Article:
My wife and I have closely followed the stay-at-home coronavirus requirements since they began in mid-March. We hadn’t even been out of our county until just the other day.
Even though Rockingham is the second-largest county in square miles in Virginia, we stayed close to home nevertheless. We have taken the pandemic and the safety recommendations suggested by medical professionals seriously.
While waiting for the predicted rain to arrive, Neva and I went about our regular homebound routines. She sewed and read. I wrote and spent too much time on social media, including sorting my many daily emails. When our church’s weekly newsletter landed in my inbox, I got an idea after reading it.
Friends had recently visited Shenandoah National Park, which stretches 105-miles along the Blue Ridge Mountains. The mountains grace and mark the eastern boundary of Rockingham County. The mountain laurel bushes were in full bloom.
That’s all that I needed to read. With the afternoon half gone and the forecasted rain failing to appear, I suggested we head to the park, too. Neva gladly agreed.
We dressed for the cooler weather that we were sure to encounter in the higher elevations of the park. We were glad we did. Fearsome black clouds hovered over the mountains as we headed east.
We have lived here long enough to know that the mountain weather’s main characteristic is fickleness. The weather changes quickly in those blue mountains.
Sure enough, in the 25 miles we drove on Skyline Drive to Limberlost Trail, we dodged in and out of the sunshine, clouds, fast-moving fog, mist, and even a little rain. We kept going.
We were so glad we had. Only a couple of other cars were in the parking lot of the handicapped accessible trail. Limberlost is a 1.3-mile loop trail that is beautiful in every season.
I had never been on the trail in the spring when the mountain laurel bloomed. Neva had never been there at all. We were both in for an awe-inspiring treat.
We only had to walk a short distance before we encountered the beautiful blooming bushes. We were glad that we had dropped what we were doing and followed our friends’ advice.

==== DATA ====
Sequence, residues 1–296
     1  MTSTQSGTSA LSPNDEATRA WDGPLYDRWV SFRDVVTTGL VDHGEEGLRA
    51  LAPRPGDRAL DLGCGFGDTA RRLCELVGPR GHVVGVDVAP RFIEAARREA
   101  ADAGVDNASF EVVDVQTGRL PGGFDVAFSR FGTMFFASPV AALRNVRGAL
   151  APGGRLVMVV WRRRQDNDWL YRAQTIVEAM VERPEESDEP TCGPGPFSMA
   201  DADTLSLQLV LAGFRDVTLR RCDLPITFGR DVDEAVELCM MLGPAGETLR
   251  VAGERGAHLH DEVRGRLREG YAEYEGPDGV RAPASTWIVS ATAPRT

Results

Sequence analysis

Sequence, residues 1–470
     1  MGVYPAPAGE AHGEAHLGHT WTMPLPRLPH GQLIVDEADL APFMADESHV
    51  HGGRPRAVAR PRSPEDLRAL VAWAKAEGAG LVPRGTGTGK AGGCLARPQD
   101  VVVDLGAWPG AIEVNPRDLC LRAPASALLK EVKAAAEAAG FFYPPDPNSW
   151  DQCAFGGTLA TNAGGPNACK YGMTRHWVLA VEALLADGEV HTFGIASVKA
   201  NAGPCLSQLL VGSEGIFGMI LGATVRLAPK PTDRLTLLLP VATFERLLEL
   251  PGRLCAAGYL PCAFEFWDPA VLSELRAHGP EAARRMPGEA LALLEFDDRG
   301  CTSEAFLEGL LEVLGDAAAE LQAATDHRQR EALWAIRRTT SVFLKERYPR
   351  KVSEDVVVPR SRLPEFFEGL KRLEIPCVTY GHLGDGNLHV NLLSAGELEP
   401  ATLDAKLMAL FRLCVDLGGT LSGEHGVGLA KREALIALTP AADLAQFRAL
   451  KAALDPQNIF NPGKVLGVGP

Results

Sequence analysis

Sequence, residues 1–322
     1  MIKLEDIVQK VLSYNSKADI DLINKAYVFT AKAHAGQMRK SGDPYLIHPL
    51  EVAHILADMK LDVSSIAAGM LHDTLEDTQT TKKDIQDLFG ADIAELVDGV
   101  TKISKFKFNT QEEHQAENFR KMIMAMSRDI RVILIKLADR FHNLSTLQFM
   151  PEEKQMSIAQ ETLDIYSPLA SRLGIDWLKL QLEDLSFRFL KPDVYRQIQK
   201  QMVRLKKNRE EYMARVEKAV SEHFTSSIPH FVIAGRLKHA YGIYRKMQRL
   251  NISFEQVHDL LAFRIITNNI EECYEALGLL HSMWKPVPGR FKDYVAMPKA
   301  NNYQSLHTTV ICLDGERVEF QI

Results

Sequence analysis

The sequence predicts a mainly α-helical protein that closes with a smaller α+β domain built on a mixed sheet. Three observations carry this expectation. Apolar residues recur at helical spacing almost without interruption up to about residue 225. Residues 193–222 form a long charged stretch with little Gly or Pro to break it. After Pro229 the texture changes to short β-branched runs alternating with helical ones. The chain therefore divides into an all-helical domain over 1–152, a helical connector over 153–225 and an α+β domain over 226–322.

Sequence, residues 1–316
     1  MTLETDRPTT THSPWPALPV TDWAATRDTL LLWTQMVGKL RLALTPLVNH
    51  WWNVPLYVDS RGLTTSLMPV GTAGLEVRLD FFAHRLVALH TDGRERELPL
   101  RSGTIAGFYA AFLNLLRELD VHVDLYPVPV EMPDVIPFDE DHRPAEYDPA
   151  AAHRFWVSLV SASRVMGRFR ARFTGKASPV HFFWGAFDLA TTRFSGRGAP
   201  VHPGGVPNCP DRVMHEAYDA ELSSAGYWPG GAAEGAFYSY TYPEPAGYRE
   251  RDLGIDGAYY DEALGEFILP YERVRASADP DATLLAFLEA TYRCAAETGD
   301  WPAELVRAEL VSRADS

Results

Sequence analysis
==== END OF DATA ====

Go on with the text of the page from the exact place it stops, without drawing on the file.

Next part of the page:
Individual bushes and thickets of blooming mountain laurel flourished all along the circular path. They overwhelmed other, more subtle wildflowers that I almost missed.
This area of the park had burned several years ago. Many of the old-growth trees were gone, replaced by patches of spindly saplings. The trail ran through them, creating a fairy-like world. Colorful fungus grew out of tree stumps, and fallen timber left lying right where they landed.
Lush Christmas ferns carpeted the forest floor. The fragrant pink and white blossoms of the mountain laurel painted a lovely contrast to the emerald of the tree canopy above and the sea of ferns below.
We noticed no bees or butterflies, however. I later learned that this variety of rhododendron is toxic to both pollinators and humans. Look, but don’t touch.
A chorus of warblers, vireos, and other woodland birds serenaded us on our enchanting stroll. We were clearly in a national park, but it felt like paradise. Our spontaneity had certainly paid off.
I realize not everyone has a national park to hurry off to in less than an hour. But you likely have a special place that you have meant to visit, someplace you haven’t been since a child.
So, pack up the kids, the snacks, drinks, and don’t forget the hand sanitizer, masks, gloves, and your camera. You just might find paradise, too.
© Bruce Stambaugh 2020